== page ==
SHEFFIELD: Doc/fest makes waves

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SHEFFIELD is preparing once again to stage Britain’s leading documentary festival – or ‘the World’s Most Exciting Documentary and Digital Media Festival’ as is proclaimed on the pink and black banners on lamp-posts around the city centre.

A programme of more than 120 films from more than 20 countries will run over five days next month including features, shorts and multi-media and cross platform films plus on-stage interviews with some big names from film and TV.

Centred on the Showroom and Workstation, it will spread out to other venues in the city including free outdoor shows on a big screen sited in Howard Street.

It opens on June 13 with the world premiere at the Crucible Theatre of a poetic and powerful interactive film From the Sea to the Land Beyond with a live musical score composed and performed by the appropriately named indie band, British Sea Power.

It is a compilation by director Penny Woolcock of archive footage of 100 years of film of Britain and its coastline. “It’s not all rolling seascapes but a powerful human story that captures a sense of history and all the people who’s lives are connected to the sea in some way,” says programmer Hussain Currimbhoy. The interactive aspect is that it will go online during Doc/Fest and allow audiences to edit the clips to create a personalized video postcard of the part of the UK coastline that is most dear to their heart.

There is a second opening night film, Searching for Sugar Man, an uplifting story of the quest to trace Sixto Rodriguez – an iconic American-Mexican musician from the early Seventies who mysteriously disappeared into oblivion. The filmmaker Malik Bendjelloul is coming to Sheffield to introduce the film, along with a very special guest.

There is a strong musical thread to the festival which also includes Julien Temple’s Glastopia, a look at behind-the-scenes at Glastonbury, and Evidentl...John Cooper Clarke, a portrait of the eccentric punk poet which includes vintage footage of The Leadmill along with an interview with Jarvis Cocker.

Cooper Clarke will be coming to the festival as will BBC choirmaster Gareth Malone to talk about his rise to fame and just how he gets everyone to sing.

With 56 Up, currently on ITV, director Michael Apted will give an inside view of the long-running series while the team behind BBC1’s Frozen Planet will reveal the secrets of the how the series was made in BAFTA: Making of Frozen Planet.

International visitors will include some Kogi tribesmen from South America and a gay rights campaigner from Uganda, both subjects of films.

Tim Poole, who became an overnight online phenomenon the night Occupy Wall Street was first evicted from Zuccotti Park in New York City, will be in conversation with filmmaker Emily Bell at Occupy Wall Street: Livestream This! talking about his live stream which drew more than 20,000 simultaneous viewers and 250,000 unique visitors throughout the course of the day.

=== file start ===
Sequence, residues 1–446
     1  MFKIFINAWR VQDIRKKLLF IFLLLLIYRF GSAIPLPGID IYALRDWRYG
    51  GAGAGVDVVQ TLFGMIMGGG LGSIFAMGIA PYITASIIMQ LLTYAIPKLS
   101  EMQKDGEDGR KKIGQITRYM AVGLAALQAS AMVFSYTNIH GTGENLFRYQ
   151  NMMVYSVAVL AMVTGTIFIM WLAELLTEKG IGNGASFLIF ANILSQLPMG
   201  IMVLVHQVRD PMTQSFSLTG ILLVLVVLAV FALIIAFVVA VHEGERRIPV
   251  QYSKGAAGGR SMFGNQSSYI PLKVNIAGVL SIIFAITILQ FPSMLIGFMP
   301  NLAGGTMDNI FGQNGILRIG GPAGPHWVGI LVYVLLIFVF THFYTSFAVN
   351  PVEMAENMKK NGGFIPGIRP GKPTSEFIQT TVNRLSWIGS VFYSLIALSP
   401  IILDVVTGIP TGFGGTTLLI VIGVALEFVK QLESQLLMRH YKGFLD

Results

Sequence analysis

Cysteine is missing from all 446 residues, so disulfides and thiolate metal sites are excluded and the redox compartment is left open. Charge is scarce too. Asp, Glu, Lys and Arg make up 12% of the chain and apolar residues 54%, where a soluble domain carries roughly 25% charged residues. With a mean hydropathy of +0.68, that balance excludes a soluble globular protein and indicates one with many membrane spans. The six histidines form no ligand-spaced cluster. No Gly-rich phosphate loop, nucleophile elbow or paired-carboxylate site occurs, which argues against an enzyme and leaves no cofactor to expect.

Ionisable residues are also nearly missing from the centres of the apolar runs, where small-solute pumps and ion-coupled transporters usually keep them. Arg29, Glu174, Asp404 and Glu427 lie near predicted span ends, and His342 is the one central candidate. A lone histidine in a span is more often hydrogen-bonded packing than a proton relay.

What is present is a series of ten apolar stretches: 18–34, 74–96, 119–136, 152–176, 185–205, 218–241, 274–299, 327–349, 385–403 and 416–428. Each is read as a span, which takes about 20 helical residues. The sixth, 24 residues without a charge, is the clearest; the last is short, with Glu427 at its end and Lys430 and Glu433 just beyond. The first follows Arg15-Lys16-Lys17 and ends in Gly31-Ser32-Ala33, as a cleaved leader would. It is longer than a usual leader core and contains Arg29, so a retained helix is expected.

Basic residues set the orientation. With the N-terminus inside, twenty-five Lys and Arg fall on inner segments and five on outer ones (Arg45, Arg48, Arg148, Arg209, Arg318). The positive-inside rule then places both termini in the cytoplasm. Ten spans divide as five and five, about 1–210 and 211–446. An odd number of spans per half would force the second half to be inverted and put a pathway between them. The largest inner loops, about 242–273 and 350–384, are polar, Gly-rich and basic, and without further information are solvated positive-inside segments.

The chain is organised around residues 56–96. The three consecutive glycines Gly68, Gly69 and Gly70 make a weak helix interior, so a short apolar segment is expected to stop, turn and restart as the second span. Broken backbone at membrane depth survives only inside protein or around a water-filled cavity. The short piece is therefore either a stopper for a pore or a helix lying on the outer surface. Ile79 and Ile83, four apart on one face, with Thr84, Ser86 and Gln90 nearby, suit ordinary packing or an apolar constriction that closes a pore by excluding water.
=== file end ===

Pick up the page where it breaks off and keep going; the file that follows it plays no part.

The programme is divided into strands which Resistance, Behind the Beats, Best of British, BFI gems, China Now, Cross-Platform, Euro Docs, First Cut (new talent), Global Encounters, Queer Screen, Dziga Vertov retrospective, Shorts, The Habit of Art, and This Sporting Life.

The Howard Street Screen will present free outdoor screenings from the morning of Thursday, June 14 to the evening of Sunday, June 17 with a line-up of short films, classic docs, gems from the archive, Oscar winners and some highlights from the 2012 programme playing continuously on a loop.

With films being projected on to the back wall of the Howard Hotel, passers-by heading to and from the station will hopefully be drawn into the festival.

Although the festival brings thousands of delegates from the industry to Sheffield, it remains vital to reach the public at large, says Currimbhoy. “The industry comes to Sheffield but the film-makers want to interact with the people to see their reaction.

“Documentaries in cinemas have increased the public’s appetite for them, to see what’s behind the headlines. Often they don’t seem like documentaries to them, they just see them as films. We are on the cusp of that and five or six films we showed here last year went into cinemas.”

This year for the first time, Doc/Fest has teamed up with Showroom Workstation to offer a festival pass to non-delegates looking to get the most out of the Doc/Fest film programme. The Doc/Lovers’ Pass offers as many films as you can fit in throughout the packed Doc/Fest 2012 film programme for £60/£50 concessions.

lFor full details of the programme see